In the second problem, I study the optimal design of arrival traffic management systems at airports at the strategic level. I claim that implementation of OPD operations requires effective metering configurations at airports due to the increased role of uncertainty in aircraft trajectories during descent. I develop stochastic models to further increase the value of OPD operations over conventional arrival procedures by optimizing metering point configurations, which include identification of the optimal number and locations of metering points to use. I provide numerical results based on actual traffic information at major U.S. airports, which indicate that the total potential savings in the top ten major airports could be up to $22 million per year if the proposed policies are implemented. I also find that the optimal metering configurations are mostly robust under different operating conditions. In addition, my results suggest that early spacing adjustments near the top of descent (TOD) are of more value for larger volumes of air traffic.

In the third and fourth problems, I study optimal departure operations at airports under the context of departure metering, which is an airport surface management procedure that limits the number of aircraft on the runway by holding aircraft at a predesigned metering area.

More specifically, in the third problem, I develop a stochastic dynamic programming framework for tactical management of pushback operations at gates and for determining the optimal number of aircraft to be directed to the runway from the metering areas. I introduce four easy-to-implement practical departure metering policies and implement a comparative analysis between these practical policies and the optimal numerical solutions. I also implement sensitivity analysis of the departure metering policies over state variable values.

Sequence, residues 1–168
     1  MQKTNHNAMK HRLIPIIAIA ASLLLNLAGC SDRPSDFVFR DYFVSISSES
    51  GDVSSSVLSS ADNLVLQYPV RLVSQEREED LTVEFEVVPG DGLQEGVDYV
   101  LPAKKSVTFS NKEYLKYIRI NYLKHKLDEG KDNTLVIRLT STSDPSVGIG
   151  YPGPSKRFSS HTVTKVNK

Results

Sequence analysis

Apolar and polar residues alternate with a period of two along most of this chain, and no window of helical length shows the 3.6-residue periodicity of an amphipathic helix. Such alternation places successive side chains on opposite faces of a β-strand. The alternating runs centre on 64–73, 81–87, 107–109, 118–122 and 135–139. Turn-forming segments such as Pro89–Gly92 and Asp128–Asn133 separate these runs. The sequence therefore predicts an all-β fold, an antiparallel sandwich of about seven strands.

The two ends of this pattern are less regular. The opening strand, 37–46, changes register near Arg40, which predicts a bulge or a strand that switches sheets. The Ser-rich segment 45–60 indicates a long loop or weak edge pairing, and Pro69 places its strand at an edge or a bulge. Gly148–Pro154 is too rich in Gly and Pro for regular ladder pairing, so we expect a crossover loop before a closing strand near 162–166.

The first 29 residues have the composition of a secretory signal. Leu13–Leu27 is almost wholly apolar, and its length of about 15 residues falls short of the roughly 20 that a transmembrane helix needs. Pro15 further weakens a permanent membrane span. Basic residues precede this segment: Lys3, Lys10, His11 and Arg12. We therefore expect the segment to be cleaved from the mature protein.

In the fourth problem, I study the optimal metering area capacity at the strategic level. Building on the dynamic programming framework mentioned in the third problem, I identify the optimal metering area capacity using marginal analysis to minimize expected overall costs. Numerical simulations are implemented and potential savings are identified for sample U.S. airports based on varying capacity levels. The optimal metering area capacity is then determined based on the numerical implementations to further improve overall efficiency and sustainability of departure operations. I also analyze the benefits to airlines in terms of annual savings due to such policies, and find that the annual savings could be $31 million if the optimal departure metering policies are implemented at the top ten major airports in the U.S.

Overall, as one of the few studies on stochasticity in arrival and departure operations, I derive both tactical and strategic policies to improve efficiency and sustainability for airlines and the society, which can enhance service quality and strengthen market position for the airlines involved.